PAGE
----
Red blood cells exposed to oxygen deficiency protect against myocardial infarction (heart attack), according to a new study.
- About Red Blood Cells (RBCs):
- RBCs, or erythrocytes, are one of the components of blood. (The others are plasma, platelets and white blood cells.)
- They deliver oxygen to the tissues throughout the human body.
- Oxygen turns into energy, and tissues release carbon dioxide.
- RBCs also transport carbon dioxide back to the lungs to be exhaled.
- Where are RBCs made?
- They are made in the bone marrow.
- They typically live for about 120 days, and then they die.
- RBCs contain a protein called hemoglobin, which binds to oxygen in the lungs, forming oxyhemoglobin.
- Hemoglobin also helps carry carbon dioxide back to the lungs as carbaminohemoglobin.
- RBCs are biconcave, disc-shaped cells with a dimple in the center on both sides. This unique shape increases the surface area of the cell, allowing for efficient gas exchange.
- It is covered with a membrane composed of lipids and proteins and lacks a nucleus.
- What does a low RBC count mean?
- A low RBC count, known as anemia, can cause fatigue, shortness of breath, dizziness and other symptoms. If untreated, anemia can lead to serious complications.
- In many cases, anemia occurs when people don’t eat a nutrient-rich diet.
- It can also be caused by pregnancy and certain medical conditions such as bleeding disorders and kidney disease.
- Choosing foods that are rich in iron and other vitamins and minerals can help raise the RBC count.
What is Sickle cell anemia?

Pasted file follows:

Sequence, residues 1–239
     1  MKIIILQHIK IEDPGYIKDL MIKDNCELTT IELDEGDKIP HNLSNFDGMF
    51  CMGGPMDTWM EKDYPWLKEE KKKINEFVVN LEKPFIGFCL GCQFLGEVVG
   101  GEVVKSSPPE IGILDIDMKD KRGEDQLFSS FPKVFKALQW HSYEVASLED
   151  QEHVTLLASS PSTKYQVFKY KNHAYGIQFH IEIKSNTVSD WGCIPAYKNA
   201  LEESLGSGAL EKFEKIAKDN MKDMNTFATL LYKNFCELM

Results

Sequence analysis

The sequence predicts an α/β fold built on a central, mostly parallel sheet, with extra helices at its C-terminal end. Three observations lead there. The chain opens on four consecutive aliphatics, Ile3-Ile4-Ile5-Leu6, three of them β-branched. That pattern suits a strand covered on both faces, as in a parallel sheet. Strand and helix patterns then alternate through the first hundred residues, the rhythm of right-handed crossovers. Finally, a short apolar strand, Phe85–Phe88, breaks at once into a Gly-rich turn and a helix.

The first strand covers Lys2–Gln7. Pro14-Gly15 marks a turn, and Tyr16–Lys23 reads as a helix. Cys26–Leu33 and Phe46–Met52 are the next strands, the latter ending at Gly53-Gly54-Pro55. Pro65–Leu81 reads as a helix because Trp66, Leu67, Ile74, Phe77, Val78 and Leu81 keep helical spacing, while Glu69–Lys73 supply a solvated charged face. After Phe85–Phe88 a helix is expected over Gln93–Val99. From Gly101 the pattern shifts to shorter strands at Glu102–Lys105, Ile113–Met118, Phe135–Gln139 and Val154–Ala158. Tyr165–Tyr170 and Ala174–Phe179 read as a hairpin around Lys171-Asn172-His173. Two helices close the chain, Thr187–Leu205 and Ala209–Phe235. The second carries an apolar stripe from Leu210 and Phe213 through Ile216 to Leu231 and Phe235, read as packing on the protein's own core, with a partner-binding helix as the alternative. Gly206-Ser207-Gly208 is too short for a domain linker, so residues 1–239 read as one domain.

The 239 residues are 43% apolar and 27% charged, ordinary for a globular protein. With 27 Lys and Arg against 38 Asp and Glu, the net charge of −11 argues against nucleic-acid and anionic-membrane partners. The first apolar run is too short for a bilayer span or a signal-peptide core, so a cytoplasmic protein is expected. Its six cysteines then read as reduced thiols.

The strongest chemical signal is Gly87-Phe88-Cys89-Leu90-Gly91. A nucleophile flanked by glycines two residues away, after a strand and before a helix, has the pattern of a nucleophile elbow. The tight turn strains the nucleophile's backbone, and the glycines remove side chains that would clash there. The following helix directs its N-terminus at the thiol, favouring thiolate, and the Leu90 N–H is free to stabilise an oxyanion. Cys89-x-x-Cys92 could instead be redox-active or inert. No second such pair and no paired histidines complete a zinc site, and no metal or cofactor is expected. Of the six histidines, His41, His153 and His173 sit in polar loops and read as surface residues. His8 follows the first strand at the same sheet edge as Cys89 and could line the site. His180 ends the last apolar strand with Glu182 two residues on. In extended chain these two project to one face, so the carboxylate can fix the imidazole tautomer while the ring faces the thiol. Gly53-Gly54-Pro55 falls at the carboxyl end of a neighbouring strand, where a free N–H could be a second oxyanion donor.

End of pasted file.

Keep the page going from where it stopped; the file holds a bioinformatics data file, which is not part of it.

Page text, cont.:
- It is an inherited blood disorder.
- It affects hemoglobin, the molecule in red blood cells that delivers oxygen to cells throughout the body.
- People with this disease have atypical hemoglobin molecules called hemoglobin S, which can distort red blood cells into a sickle, or crescent, shape.
- These sickle cells also become rigid and sticky, which can slow or block blood flow.
- What causes it?
- The cause of Sickle cell disease is a defective gene called a sickle cell gene.
- A person will be born with sickle cell disease only if two genes are inherited—one from the mother and one from the father.
- The only cure for this disease is bone marrow or stem cell transplantation.
- However, there are treatments that can help relieve symptoms, lessen complications, and prolong life.
Q1) What is bone marrow?
Bone marrow is a soft, spongy tissue found in the cavities of certain bones in the human body. It is a crucial part of the human circulatory system and plays a vital role in blood formation, immune function, and the storage of fat.